Situating the Dead: Cemeteries as Material, Symbolic, and Relational Space (2022).
By Avril Maddrell and Brenda Mathijssen
Published in: The Oxford Handbook of Religious Space. Access here.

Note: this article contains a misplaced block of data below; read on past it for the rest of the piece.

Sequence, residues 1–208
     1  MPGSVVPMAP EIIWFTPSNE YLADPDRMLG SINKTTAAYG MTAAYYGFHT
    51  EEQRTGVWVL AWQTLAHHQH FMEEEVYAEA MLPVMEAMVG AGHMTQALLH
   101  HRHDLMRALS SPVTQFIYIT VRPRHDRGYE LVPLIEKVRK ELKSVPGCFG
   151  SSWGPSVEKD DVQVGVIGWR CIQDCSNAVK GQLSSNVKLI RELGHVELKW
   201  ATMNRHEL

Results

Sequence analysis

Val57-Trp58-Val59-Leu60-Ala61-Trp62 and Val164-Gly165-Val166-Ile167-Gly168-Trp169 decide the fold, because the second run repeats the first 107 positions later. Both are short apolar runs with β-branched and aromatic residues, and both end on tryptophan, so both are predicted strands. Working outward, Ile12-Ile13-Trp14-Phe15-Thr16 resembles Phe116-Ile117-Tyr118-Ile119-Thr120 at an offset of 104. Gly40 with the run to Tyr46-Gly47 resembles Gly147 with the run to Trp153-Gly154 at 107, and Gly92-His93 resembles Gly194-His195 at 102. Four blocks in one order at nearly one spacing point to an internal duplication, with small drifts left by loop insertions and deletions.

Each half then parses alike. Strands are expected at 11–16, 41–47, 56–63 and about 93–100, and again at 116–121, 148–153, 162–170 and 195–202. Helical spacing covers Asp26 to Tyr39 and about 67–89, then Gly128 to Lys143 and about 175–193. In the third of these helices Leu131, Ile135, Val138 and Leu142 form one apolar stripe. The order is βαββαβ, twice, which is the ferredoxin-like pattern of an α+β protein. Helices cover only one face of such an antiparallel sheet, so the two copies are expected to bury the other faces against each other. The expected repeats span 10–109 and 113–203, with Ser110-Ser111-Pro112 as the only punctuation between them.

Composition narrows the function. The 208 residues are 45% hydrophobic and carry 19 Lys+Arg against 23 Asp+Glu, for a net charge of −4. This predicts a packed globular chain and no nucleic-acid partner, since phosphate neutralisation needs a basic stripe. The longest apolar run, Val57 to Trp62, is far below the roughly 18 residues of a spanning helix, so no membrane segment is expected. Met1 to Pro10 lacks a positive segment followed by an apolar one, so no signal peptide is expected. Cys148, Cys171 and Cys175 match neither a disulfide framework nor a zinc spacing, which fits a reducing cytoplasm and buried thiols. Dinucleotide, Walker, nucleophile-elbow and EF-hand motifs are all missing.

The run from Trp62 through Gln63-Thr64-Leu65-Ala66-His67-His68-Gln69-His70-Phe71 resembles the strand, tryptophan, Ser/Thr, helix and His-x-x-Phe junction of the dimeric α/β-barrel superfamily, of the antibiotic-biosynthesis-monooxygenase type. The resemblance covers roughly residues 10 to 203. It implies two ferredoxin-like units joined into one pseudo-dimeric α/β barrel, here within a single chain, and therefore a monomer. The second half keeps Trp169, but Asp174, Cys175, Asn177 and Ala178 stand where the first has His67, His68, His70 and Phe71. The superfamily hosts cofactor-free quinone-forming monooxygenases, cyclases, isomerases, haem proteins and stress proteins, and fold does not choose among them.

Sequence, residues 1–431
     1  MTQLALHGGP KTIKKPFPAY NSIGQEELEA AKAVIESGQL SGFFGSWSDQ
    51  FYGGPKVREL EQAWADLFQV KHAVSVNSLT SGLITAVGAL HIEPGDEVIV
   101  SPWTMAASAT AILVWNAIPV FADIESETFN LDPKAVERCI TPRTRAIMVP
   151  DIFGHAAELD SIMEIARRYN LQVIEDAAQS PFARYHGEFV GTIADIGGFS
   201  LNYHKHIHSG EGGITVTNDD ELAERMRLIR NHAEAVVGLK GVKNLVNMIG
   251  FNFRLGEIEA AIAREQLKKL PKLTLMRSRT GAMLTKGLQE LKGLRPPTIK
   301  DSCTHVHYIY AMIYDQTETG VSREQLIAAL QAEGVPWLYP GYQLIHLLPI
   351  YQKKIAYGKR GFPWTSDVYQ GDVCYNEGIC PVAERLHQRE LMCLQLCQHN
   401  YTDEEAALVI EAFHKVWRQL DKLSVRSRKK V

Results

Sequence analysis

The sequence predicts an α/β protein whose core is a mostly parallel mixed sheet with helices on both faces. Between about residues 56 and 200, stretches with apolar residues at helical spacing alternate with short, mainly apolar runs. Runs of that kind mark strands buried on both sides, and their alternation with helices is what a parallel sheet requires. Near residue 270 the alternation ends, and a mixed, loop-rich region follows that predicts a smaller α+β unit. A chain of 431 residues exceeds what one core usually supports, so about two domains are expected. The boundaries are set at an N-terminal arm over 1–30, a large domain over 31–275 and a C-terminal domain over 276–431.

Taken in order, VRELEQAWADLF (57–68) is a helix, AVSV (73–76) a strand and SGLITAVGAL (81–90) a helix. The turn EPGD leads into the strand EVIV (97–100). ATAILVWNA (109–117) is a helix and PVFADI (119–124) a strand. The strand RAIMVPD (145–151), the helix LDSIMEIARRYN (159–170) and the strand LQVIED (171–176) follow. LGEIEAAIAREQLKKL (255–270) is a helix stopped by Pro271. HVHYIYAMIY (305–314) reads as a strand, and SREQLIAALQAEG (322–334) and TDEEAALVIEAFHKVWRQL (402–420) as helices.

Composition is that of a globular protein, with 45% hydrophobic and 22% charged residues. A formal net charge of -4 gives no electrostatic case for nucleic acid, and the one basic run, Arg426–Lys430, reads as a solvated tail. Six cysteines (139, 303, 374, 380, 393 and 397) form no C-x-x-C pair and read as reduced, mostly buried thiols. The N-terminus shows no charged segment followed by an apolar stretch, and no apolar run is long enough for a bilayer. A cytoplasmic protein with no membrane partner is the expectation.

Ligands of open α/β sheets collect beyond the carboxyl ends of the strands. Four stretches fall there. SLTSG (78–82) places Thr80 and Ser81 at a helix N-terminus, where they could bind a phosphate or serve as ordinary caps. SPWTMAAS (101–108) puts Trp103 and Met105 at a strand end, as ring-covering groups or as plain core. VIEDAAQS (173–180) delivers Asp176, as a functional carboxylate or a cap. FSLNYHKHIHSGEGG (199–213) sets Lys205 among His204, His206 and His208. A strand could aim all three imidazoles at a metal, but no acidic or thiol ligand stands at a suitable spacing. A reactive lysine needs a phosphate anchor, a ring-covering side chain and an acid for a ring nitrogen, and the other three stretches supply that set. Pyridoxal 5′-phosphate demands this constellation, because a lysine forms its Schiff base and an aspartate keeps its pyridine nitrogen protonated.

This chapter explores the coproduction of space and religion through analysis of the material, symbolic, and relational characteristics of graves and cemeteries. Both space and religion are multifaceted: lived, relational, dynamic, performative, and processual. Cemeteries, deemed “sacred,” in formal or wider senses in many societies, embody mortal remains, provide a focal point for commemoration, symbolize continuing relationships with the deceased and any beliefs about the afterlife. Studying cemeteries through a spatial lens oers insights into contemporary lived religion and changes over time. Drawing on case studies, the chapter demonstrates the ways in which cemeteries oer signicant insights into the situated spatialities and wider geographies of religions, beliefs, and rituals. Varied grave-iconography and texts, and the spatial organization of cemeteries reect geographies of belonging, including migratory and diasporic networks and the varied ways in which dierent religions are lived, expressed, and contested in a particular locality and time.